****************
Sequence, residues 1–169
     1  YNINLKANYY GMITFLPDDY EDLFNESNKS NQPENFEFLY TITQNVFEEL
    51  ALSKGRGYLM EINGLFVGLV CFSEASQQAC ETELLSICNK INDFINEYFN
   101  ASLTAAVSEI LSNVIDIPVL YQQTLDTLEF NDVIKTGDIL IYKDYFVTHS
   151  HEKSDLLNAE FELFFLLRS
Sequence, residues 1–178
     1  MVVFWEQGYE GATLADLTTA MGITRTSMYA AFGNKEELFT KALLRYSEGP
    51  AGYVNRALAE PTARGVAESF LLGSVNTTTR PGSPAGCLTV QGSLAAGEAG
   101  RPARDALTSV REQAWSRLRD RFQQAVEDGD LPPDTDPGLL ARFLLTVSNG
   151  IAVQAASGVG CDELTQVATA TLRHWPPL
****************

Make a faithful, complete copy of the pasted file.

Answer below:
Sequence, residues 1–169
     1  YNINLKANYY GMITFLPDDY EDLFNESNKS NQPENFEFLY TITQNVFEEL
    51  ALSKGRGYLM EINGLFVGLV CFSEASQQAC ETELLSICNK INDFINEYFN
   101  ASLTAAVSEI LSNVIDIPVL YQQTLDTLEF NDVIKTGDIL IYKDYFVTHS
   151  HEKSDLLNAE FELFFLLRS
Sequence, residues 1–178
     1  MVVFWEQGYE GATLADLTTA MGITRTSMYA AFGNKEELFT KALLRYSEGP
    51  AGYVNRALAE PTARGVAESF LLGSVNTTTR PGSPAGCLTV QGSLAAGEAG
   101  RPARDALTSV REQAWSRLRD RFQQAVEDGD LPPDTDPGLL ARFLLTVSNG
   151  IAVQAASGVG CDELTQVATA TLRHWPPL